Agriculture To Industry Essay, Research Paper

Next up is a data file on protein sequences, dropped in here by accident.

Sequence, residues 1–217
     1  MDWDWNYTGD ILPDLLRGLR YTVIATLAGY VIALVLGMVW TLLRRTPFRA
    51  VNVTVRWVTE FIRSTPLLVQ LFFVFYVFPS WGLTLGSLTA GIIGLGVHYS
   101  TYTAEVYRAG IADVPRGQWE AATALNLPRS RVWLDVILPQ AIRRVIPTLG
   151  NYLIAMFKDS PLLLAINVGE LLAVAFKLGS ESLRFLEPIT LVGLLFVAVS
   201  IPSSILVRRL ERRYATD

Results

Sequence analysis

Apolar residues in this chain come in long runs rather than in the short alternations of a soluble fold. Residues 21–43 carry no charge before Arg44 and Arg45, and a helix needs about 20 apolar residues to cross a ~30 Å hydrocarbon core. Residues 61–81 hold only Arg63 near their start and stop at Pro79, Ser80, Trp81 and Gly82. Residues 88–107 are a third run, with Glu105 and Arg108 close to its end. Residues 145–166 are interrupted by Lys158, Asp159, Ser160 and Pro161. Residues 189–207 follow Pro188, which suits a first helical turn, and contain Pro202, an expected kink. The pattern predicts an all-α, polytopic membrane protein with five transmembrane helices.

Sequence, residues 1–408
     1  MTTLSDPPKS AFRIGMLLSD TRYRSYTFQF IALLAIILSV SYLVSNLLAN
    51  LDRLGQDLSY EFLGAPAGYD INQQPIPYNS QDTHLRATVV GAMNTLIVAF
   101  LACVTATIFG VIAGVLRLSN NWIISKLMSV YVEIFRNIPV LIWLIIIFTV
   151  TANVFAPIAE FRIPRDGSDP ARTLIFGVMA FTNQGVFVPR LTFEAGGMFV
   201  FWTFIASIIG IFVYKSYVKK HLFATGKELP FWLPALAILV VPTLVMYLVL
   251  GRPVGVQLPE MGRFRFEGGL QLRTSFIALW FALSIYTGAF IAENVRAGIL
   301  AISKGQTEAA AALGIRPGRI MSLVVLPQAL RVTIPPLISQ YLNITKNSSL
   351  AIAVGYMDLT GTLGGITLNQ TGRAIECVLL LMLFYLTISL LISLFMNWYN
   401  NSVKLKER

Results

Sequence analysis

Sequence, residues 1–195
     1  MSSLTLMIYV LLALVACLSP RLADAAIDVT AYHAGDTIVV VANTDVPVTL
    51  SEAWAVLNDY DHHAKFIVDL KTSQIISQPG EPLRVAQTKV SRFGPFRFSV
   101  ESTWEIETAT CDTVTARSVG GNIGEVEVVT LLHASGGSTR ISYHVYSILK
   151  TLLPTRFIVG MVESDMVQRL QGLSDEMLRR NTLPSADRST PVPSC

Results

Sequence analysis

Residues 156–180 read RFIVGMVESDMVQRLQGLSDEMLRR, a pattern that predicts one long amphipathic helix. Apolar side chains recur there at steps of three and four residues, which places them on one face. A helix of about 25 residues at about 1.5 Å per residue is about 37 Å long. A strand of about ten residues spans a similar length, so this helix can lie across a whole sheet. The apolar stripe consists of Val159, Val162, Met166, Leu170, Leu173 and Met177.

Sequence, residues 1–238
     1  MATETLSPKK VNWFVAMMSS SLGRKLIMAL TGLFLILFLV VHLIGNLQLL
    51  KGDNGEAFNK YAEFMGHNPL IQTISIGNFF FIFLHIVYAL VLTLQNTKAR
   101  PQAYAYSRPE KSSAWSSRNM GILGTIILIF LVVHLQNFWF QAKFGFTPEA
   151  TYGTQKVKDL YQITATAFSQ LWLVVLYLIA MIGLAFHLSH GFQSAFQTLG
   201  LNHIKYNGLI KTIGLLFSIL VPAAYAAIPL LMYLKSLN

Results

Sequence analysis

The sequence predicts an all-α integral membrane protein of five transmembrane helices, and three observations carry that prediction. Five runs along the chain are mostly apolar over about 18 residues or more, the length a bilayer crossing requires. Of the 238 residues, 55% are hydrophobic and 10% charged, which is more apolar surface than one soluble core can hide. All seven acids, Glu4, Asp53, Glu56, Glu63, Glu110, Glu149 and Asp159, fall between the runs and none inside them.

Agriculture to Industry One of the founding fathers of America had his own idea of how the American economy should operate. Thomas Jefferson, one of the most educated of the Fathers, envisioned the United States’ to be an agriculturally based nation. Many respected his idea, but it was destined to fail. When the colonies were founded in the early to mid sixteenth century their priority was agriculture. They needed food, shelter, and goods to relay back to England. In return, the colonists received manufactured products (such as furniture) from England. This system worked for many years. When new agricultural products appeared, such as sugarcane, a new market was founded, one with other European countries that England proclaimed off limits. Now there was no doubt that the Americas had much to offer the rest of the world. After the American Revolution, the leaders debated how the economy should work. As mentioned, Thomas Jefferson asserted that an economy based on agriculture and agricultural goods was the best route. However, Mr. Jefferson did not foresee the one thing that doomed his ideal America. He saw only the foreshadowing of this historic change. The war of 1812 with England over trade routes with France and other countries changed Jefferson’s mind. However, this was only a hint of what the Industrial Revolution would bring. He saw the importance of industry during wartime and how effective it was when battling for the future of The United States economy and its people. He saw the U.S. becoming more urban than he thought it would. Why was this? What made people opt for the city over the farm? In order for a civilization to survive through the years one problem needed to be solved. Many civilizations perished for they did not answer the question of how to obtain man’s material want through the material scarcity. A civilization must meet the needs of a two- pronged dilemma; production and distribution. America was plentiful in the resources department. The means of tapping into those resources was, in many minds of the day, solved. Man had the ability to maintain farms and crops, cultivate new ones, and irrigate land that needed to be farmed. One problem was that the large farms were away from the urban areas. This meant travel time which in turn meant rotting of food or spoilage. Another was that the population could not grow if the production could not keep up. If everyone had their own farm then they could feed themselves. Farming in those days was not an easy living by any means. Hard, manual labor was needed throughout long days. The hard life of survival usually meant short life spans. Man and beast limited the amount of output a farm could produce. If only there were a way that would let the farmer cultivate faster, easier, and more abundantly. There was, only no one saw it coming. Steam powered machinery, tractors and other tools sprang to life during the Industrial Revolution. This allowed more to be produced at a faster, cheaper, and easier way. Hired hands were no longer needed. This saved the farmer money and the amount of the production brought in more money. Food became abundant. Now that the problem of production was basically solved through the inventions and innovations of steam powered tools and machines, distribution was left. “Obviously, the system of distribution deeply influences the level of individual scarcity. The more equitable the distribution of goods and wealth, the greater share of every person. An inequitable distribution meant that the privileged few lived well while the rest had to content themselves with what was leftover.” Again, steam was used to help alleviate this problem. The steamboat made travelling up river a lot easier. Trade became quicker between inland areas and coastal areas. The goods could be brought to the urban areas where there were more people who were not working extra hard on the farm and shortening their lives. This system was amplified with the railroad being implemented. The railway was a lot faster, safer and more reliable than the steamboat. It could travel anywhere on land, as opposed to being restricted to rivers and other waterways, in any weather and the return was just as fast as the first leg of the trip. The United States Government had the opportunity to pass laws restricting the use of the new inventions if they wanted to keep the U.S. as an agricultural society. But, with the Louisiana Purchase, Manifest Destiny and all these new inventions that could sustain a large population, the government decided that going urban was the key to prosperity (maybe because most of the politicians had some stock in these new inventions). Communications were vastly improved so now news traveled many times faster and was more accurate. Factories created new labor techniques as well as labor relations. A market economy expanded from local to regional to national to international levels almost overnight. This made it easier for the country to become industrial and city-centered. The United States became an international market. To stay agricultural while other countries went industrial would have meant either being left behind in the technology race or being conquered by one of these nations needing the vastness of the American land. Last but not least industry made it possible for the southern plantation owners to free the slaves, reluctantly, and use machines instead of man. The Industrial Revolution made living in large cities possible. It brought raw materials, such as coal, to the farms, the farming goods to the city, the city goods (science, art, crafts, military needs) to the nation and other nations. In return the U.S. grew larger, faster, smarter through universities, and became a powerful nation in the awful wars to come. Needless to say that if the United States stayed agricultural Europe could have lost World War One and would have lost World War Two and German would have been spoken in a lot more places. On the other hand, large cities are the centers of poverty, homelessness, crime, disease, pollution, and corruption. While these are common in urban areas they are not the products of urbanization, save pollution. They are the products of imperfect capitalism that I will not venture into any further. What the Industrial revolution did was catapult the nations of the world further into technological breakthroughs. With these breakthroughs and advances man can come closer to the understandings of truth, science, freedom and exploration. Thomas Jefferson was one of America’s most brilliant thinkers, but even the most brilliant cannot see into the future. What was the one thing Jefferson did not see coming as asked earlier? The answer is the Industrial Revolution. If the War of 1812 surprised him, the Industrial Revolution would have floored him. He had the right idea, but drastic changes call for some drastic rethinking. An agricultural economy would have worked if it had not been for the many inventions in the mid-nineteenth and early twentieth centuries.